Nothing ‘insane’ or ‘illegal’ about Ellis administration

In Erick Erickson’s July 17 opinion column, published in The Telegraph, Erickson asserted that my administration was both insane and illegal. This coming from one who accused a sitting Supreme Court justice of having a sexual relations with a sheep. This assertion should not be given any credence at all. However, given the serious implications of his words about me and my administration, it deserves a serious response, based on facts, and not hearsay or innuendo.

I recall Erickson’s racist and unfounded comment after my campaign team and I prevailed, against great odds, to force a runoff in the 2013 mayoral election for the newly established Macon/Bibb County mayor, that all white people in Macon/Bibb County should be worried. Further perpetrating racial division in our community; something that he is very good at indeed. After all why should I, or others expect any thing more from the leader of a right-wing political organization that has been nothing short of being disrespectful and hostile toward the administration of President Barack Obama, our nation’s first African American president, although, in my opinion, by every measure, he is doing an outstanding job. But those of Erickson’s ilk could care less about facts, or positive accomplishments.

For the record, as to my position on race relations, my sanity and the legality of my administration, I offer the following facts. First, the question should be answered as to Erickson’s statement as to why white people should fear me. What have I ever done to any white person that would cause anyone to make such racist comment?

My record and history on matters pertaining to race and race relations is clear, and I would compare it with Erickson’s any day. I’m a trained race relations instructor by the U.S. Army, where I taught race relations to the Army’s Recruiting Force with stellar, documented results. One of my earliest action, upon taking office in late December 1999 was coming to the aid of Macon native and at the time Atlanta Braves pitcher John Rocker, much to the objection of the Atlanta civil rights community, including the dean of the civil rights community and a confidant of Dr. Martin Luther King Jr., the Rev. Joseph Lowery.

As to Erickson’s comments in the aforementioned column pertaining to my sanity, I accept that as purely his opinion, based on what I don’t know. To be best of my knowledge we have never as much said anything to each other than exchange greetings. However, I don’t believe the U.S. Department Of Defense Intelligence Agency, or the U.S. Army’s Intelligence Service is in the habit of handing out top secret clearances to insane people, which I have be cleared for on multiple occasions. Nor do I think the U.S. Census Bureau, where I was employed as a senior executive after retirement from the U.S. Army, clears insane people to have access to some of the most sensitive and confidential information of our citizens.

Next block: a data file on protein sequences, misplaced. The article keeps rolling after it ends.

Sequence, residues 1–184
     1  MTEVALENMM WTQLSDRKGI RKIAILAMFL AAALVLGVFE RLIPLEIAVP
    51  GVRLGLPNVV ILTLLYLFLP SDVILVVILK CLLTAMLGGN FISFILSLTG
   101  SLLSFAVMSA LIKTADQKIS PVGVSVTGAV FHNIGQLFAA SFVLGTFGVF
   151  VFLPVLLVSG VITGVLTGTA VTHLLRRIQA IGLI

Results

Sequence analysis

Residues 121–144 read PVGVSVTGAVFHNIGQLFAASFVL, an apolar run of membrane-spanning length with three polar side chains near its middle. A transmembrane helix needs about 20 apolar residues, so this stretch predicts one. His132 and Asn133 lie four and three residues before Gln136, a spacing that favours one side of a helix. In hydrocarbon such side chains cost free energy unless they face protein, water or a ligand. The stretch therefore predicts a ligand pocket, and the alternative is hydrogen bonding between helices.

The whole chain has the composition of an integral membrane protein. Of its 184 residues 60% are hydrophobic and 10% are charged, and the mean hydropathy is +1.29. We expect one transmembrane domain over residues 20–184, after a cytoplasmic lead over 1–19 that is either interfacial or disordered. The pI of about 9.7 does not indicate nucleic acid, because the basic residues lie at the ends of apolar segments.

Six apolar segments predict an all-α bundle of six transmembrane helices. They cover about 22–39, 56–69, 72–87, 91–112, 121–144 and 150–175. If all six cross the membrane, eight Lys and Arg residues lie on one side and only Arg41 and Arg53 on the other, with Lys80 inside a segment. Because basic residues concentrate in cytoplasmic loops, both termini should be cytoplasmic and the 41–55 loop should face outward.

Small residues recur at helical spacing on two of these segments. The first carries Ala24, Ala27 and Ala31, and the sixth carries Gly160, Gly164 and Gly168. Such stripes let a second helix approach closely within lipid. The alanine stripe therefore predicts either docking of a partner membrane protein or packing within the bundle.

As to his assertion there was something illegal about me or my administration deserves the strongest rebuttal I can muster. First, I was elected, not once, but twice by the majority of those registered voters who bothered to vote in both of my elections. As a matter of fact I was re-elected with some 70 percent of the votes cast, something that jack-legged political pundits call a landslide.

The only illegal actions I can recall were the two recall efforts that were mounted by a few misguided and misinformed detractors, with political axes to grind, to no avail. Had I done anything illegal, perhaps they could have prevailed. Coming on the heels of those of illegal recall efforts was a full-fledged, politically motivated investigation by an overly zealous district attorney and now Superior Court Judge Howard Simms. He would eventually spend in excess of $1 million of taxpayers money in his witch hunt.

He then referred his politically motivated investigation to then U.S. Attorney to continue this frivolous and costly investigation. Again it was concluded that no laws had been broken. The only findings, after all of the valuable time and resources of the public was that perhaps some of the monies should not have been spent on some of the activities of some of the churches, such as carrying some of the students to an Atlanta outing to see an Atlanta Braves game and to visit some other historic sites in Atlanta. It’s my understanding the city reimbursed the federal government some of the grant money as unallowable expenses. However, this wasn’t the first time our city was required to reimburse the federal government for unallowable expenditures of grants. The city was required to reimburse the federal government some $400,000 from a grant awarded to the city in the aftermath of the great flood of 1994, during Tommy Olmstead’s administration and administered by the city/county emergency management agency and the Macon Water Authority.

In the future, before making such bold and unsubstantiated and accusatory comments, I advise Erickson, as a trained lawyer, to do what should be second nature. Do what Sgt. Joe Friday, one of my all-time favorite TV detectives, would say, “Just the facts, Eric. Just the facts.”

Let me state that I agree with the main point of Erickson’s column. It is a bad policy decision to give $1 million to each commission district to fight blight without a well-developed plan. Perhaps Erickson and I can meet over a Macon-brewed beer one of these days in order to get to know each other.

C. Jack Ellis is a former mayor of Macon.